From both of you, I am keen to learn about the differences between how viruses mutate and the links with vaccines’ success and what you see clinically. Thanks 🙂

    PS: Must add – during my research, all US interviewees mentioned bio-terrorism as a public health priority; in the UK, we are more focused on ageing populations, provisioning, socio-economic disparities and so on.

  9. Shefaly and all, I’ll let Doc detail mechanisms of virus mutation. I can address the greatest public success story of our time: vaccine preventable diseases.
    So sad to see those old photos of polio wards, sterility from mumps, loss or decreased quality of life from diptheria, whooping cough, tetanus, etc.
    Countries like USA have been so successful on this front that we have the luxury of anti-vaccine people. A friend refuses to vaccinate her home-schooled child. I no longer argue with these folks. I just said, I hope she does not want to travel overseas later…she will not be protected.
    Also, we have many illegal immigrants here who do not enjoy free immuizations, so she could be exposed in that way too.
    To think an entire disease (smallpox) has been eradicated (except in labs), tetanus is very rare, and polio gone from many parts of the world is truly a miracle. Lots of work still to be done, but we should celebrate some public health successes.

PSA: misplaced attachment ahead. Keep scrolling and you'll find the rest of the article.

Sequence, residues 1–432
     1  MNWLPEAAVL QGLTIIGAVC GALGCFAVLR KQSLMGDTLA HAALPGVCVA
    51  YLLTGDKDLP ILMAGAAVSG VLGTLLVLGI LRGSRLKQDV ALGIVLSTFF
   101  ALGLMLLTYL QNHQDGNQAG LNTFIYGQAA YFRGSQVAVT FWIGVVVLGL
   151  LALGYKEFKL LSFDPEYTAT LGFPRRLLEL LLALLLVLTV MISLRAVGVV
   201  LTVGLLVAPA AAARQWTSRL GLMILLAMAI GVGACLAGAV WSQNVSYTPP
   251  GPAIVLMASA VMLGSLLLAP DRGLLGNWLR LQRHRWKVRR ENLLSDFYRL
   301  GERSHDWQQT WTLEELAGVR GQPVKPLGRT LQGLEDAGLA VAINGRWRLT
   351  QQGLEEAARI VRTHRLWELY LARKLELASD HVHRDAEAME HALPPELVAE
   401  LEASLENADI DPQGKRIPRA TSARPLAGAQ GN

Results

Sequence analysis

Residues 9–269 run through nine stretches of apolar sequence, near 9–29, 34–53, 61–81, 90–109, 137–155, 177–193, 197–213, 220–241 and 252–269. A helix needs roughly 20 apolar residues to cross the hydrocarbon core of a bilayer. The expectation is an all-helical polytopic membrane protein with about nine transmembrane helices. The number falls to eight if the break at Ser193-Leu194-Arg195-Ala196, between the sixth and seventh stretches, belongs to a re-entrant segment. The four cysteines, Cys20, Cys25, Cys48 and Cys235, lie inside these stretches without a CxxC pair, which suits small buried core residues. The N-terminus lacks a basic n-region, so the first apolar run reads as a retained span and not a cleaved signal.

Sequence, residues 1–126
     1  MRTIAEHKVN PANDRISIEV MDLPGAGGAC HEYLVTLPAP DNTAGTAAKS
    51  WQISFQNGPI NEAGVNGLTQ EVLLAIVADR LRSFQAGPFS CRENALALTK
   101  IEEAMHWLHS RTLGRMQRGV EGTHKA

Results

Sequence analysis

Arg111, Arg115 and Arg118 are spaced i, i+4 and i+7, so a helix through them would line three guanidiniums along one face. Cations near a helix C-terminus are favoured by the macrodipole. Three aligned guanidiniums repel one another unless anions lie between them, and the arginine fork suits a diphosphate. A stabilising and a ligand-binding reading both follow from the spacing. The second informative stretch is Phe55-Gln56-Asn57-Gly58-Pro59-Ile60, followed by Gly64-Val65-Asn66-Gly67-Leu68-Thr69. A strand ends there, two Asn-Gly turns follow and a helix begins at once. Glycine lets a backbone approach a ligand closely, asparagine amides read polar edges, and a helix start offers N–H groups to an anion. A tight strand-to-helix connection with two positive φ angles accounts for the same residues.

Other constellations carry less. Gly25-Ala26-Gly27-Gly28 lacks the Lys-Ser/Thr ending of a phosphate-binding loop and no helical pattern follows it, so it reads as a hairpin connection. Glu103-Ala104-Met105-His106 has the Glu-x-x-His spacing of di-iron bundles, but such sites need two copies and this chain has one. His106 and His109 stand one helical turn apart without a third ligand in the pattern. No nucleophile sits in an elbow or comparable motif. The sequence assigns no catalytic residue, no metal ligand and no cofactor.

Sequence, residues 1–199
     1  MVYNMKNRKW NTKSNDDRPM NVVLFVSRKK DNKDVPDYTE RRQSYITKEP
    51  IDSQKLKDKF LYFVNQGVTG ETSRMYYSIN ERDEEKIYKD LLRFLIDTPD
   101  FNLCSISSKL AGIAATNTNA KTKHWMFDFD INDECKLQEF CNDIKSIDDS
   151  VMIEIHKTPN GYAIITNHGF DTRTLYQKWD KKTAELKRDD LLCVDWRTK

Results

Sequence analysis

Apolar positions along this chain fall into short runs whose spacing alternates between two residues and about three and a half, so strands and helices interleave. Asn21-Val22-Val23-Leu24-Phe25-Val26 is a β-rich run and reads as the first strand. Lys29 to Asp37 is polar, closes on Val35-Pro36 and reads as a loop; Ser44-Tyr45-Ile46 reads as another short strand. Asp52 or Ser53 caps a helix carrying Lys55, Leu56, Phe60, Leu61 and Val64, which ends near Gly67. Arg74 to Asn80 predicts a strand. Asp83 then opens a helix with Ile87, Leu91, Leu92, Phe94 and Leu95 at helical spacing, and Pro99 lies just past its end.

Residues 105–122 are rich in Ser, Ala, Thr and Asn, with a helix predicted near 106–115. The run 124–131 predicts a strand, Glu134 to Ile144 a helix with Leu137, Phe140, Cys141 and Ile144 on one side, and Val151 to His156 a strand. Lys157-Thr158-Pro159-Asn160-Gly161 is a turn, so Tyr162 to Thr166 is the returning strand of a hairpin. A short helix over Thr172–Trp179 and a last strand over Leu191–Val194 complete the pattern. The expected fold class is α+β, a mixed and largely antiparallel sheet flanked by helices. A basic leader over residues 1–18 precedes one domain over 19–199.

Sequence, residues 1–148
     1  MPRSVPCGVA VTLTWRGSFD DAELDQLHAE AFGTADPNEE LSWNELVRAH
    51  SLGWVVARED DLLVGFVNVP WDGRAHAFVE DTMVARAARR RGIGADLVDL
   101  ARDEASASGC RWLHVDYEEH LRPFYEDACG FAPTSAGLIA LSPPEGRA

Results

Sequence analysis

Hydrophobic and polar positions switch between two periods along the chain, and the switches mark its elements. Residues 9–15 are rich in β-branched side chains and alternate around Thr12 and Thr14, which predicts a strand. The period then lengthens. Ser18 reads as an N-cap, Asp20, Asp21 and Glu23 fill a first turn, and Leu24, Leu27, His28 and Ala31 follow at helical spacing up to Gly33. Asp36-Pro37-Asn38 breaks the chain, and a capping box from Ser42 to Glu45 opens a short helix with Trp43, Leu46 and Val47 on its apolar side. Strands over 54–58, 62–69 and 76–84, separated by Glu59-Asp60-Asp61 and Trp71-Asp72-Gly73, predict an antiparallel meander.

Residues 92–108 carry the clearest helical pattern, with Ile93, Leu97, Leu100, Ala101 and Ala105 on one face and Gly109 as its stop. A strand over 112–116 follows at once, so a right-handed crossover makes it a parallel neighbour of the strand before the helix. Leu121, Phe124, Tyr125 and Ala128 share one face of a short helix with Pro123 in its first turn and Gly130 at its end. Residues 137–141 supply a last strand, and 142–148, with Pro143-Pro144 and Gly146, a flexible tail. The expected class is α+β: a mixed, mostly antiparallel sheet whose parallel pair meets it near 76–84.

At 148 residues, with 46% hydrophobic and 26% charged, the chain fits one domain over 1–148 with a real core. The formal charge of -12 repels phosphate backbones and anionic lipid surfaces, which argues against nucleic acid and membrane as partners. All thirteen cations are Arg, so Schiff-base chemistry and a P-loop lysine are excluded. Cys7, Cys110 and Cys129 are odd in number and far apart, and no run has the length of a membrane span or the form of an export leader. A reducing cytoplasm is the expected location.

PS: bio-terrorism is sexy, gets a lot of attention and money… but I think it is disproportionate to REAL medical issues we face — such as health care coverage, ageing, obesity, etc.

  10. It is so sad that people would hate one another so much to go to this level. At this rate, how many years do you give us as a species ?
    Sad, sorry, shocked, terrified.

  11. I found some interesting information about Ebola Virus. Check it out!

  12. @Bill: thanks for the link

    @Shefaly: RE: Avian Influenza comment above: what you say is true, but I think the disease is underreported. True, it takes prolonged direct contact but that scenario is VERY common among the predominantly rural population there… most country folks keep, slaughter, and eat poultry. I think deaths are what makes news, but those who survive or those who never seek healthcare are never reported. This is true in any emerging infectious disease, isn’t it? I don’t think the issue is going away. Too, the Vietnamese government is not quick to publicize cases in their state-run media either. I send my parents Tamiflu before each of their trips.
    As always, thanks for your interesting commentary!

  13. All,
    Thanks. Too sick and tired to reply to you individually. Hope you understand.